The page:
Date   

Re: Using PPW to enhance video - Am I the only one?

Jim Rconyahooti
 

After Effects does not have Lab or CMYK colorspace. Nor does it have the apply image command (although you can come up with an equivalent by a process of pre-comps and layers.)

The curves in AE do not have the targeted-adjustment tool.

My current endeavor is only to enhance video in Photoshop. For older digital video, I have been able to 'work some miracles' using Lab that are just not possible in RGB colorspace. Improving saturation, improving contrast and reducing noise can be done much better in Lab than in RGB.

Editing and any sound work still need to be done elsewhere.


Jim Arco


Re: Why does the Picture Postcard Workflow make images so much more attractive?

munkiboy
 

I think the images we're working on, and the finished PPW version do all cause perceptual effects, just as looking at the world does.

Some people recently were posting about how to deal with eye/brain compensation while actually working on an image, and how to try and avoid it.

In a lot of post production work that involves an image destined for print things are more apparent because the print can do even less of the colours and contrast that people want to have in an image. I'm no expert but there's a method where people reduce colour in parts of the image to make another area seem more colourful which is directly messing about with your perception.

It's hard to be sure what's really going on all of the time, I know there's been many advancements in the science of cognitive processes relating to vision. But, where the line is between actual and qualia is to most people unknown.

Dan neatly sidesteps these philosophical concerns by his simple mantra that should be repeated between each step of the process:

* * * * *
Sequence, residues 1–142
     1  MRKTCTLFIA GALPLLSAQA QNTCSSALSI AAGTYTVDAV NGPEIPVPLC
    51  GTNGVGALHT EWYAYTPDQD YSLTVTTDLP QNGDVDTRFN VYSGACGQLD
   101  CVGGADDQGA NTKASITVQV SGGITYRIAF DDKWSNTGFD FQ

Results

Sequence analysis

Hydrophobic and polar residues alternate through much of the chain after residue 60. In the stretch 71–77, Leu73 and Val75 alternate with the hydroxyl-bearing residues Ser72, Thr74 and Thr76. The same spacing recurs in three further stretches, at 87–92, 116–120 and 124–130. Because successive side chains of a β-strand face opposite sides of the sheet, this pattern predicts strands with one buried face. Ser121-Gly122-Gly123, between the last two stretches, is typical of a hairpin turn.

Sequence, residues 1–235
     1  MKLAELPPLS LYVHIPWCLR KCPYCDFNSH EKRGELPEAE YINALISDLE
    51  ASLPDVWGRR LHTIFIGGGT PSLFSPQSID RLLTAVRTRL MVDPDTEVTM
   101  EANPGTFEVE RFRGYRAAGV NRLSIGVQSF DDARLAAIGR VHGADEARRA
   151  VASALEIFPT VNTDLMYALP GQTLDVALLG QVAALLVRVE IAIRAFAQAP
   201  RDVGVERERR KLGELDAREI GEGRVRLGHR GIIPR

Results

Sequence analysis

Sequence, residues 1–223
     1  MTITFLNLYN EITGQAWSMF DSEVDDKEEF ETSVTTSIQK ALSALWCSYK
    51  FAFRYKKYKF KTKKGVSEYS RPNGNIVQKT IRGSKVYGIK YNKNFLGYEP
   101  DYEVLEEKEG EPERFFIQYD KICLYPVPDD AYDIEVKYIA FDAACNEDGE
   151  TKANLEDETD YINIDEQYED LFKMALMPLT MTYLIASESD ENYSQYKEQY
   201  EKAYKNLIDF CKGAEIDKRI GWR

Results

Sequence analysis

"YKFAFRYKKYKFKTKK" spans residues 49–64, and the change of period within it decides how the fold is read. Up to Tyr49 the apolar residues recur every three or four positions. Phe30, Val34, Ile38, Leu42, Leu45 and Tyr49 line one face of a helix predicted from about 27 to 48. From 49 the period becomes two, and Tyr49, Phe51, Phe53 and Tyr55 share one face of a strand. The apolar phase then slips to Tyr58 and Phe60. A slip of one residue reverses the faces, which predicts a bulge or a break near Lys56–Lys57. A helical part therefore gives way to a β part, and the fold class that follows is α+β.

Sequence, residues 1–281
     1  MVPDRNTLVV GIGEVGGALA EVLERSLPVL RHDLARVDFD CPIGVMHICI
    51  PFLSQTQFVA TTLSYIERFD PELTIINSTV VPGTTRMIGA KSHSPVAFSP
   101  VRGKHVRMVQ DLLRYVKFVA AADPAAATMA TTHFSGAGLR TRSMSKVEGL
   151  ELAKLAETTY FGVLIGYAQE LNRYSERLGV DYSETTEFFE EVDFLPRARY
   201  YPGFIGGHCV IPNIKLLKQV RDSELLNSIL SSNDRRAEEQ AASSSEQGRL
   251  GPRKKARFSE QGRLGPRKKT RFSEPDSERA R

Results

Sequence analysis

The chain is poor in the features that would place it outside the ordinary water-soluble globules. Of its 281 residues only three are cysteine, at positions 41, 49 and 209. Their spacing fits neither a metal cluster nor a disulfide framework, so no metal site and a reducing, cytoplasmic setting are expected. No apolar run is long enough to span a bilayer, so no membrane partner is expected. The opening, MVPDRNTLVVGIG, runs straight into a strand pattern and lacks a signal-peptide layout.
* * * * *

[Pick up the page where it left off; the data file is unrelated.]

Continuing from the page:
"Do I like it better?"

All the best,

-andy blundell

--- In colortheory@..., "ewstacy" <webb@...> wrote:
An often-cited reason for the improvement is that the camera doesn't see things the way the human visual system does. The thing that keeps coming back to me, though, is that it's the very same human visual system that looks at the photos. Why is it that perceptual effects like simultaneous contrast apply to the world but not to an image of the world?
Similarly, I wonder to what extent the success of Dan's color correction approach is really a embedding of perceptual effects into the image because they can't be effectively created by the medium. Essentially, I'm suggesting that in some cases, the PPW compensates for the medium's inability to create certain perceptual phenomena by adding to the image the phenomenal effects that would usually be produced by the human visual system.

Is anyone aware of any scientific investigation of the issues? Why does the PPW make images so much more attractive?

--Webb Stacy

P.S. Full disclosure--I am a cognitive scientist who has a long-time interest in the workings of the human visual system.


Re: Retouching services for *how* much?

munkiboy
 

Hey, I'll click auto-tone for a dollar a time, in fact I'll do it for 80 cents.

IMO very many small businesses have been using similar services but without cloud for years. In the UK you can have your little ebay type product shot badly cut out for <£10 a go with the magic wand tool and loads of aliasing round the edges.

If you look on ebay or Amazon you'll see tons of poorly executed images that are companies selling products. So people do and will use these services.

My clients choose me for a nicer image, Dan's clients pick him for an amazing image.

I think there's room for everyone.

All the best,

-andy blundell

Is it an opportunity? Probably not for working with these people, who will want their own cut of these very low prices. But we are seeing a transition in our field from a time when most of us were supported by companies who would pay very high prices for work on a single, very important image, to a scenario where people wish to publish many images and are looking for a reasonable price/quality relation.